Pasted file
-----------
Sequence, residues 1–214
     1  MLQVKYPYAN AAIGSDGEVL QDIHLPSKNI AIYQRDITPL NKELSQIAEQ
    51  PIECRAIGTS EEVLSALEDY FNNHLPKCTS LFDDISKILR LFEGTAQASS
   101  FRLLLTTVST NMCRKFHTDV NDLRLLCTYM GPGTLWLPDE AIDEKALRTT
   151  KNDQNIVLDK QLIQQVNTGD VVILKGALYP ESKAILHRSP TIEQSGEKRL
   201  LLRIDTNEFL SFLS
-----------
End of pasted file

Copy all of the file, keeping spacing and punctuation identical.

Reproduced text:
Sequence, residues 1–214
     1  MLQVKYPYAN AAIGSDGEVL QDIHLPSKNI AIYQRDITPL NKELSQIAEQ
    51  PIECRAIGTS EEVLSALEDY FNNHLPKCTS LFDDISKILR LFEGTAQASS
   101  FRLLLTTVST NMCRKFHTDV NDLRLLCTYM GPGTLWLPDE AIDEKALRTT
   151  KNDQNIVLDK QLIQQVNTGD VVILKGALYP ESKAILHRSP TIEQSGEKRL
   201  LLRIDTNEFL SFLS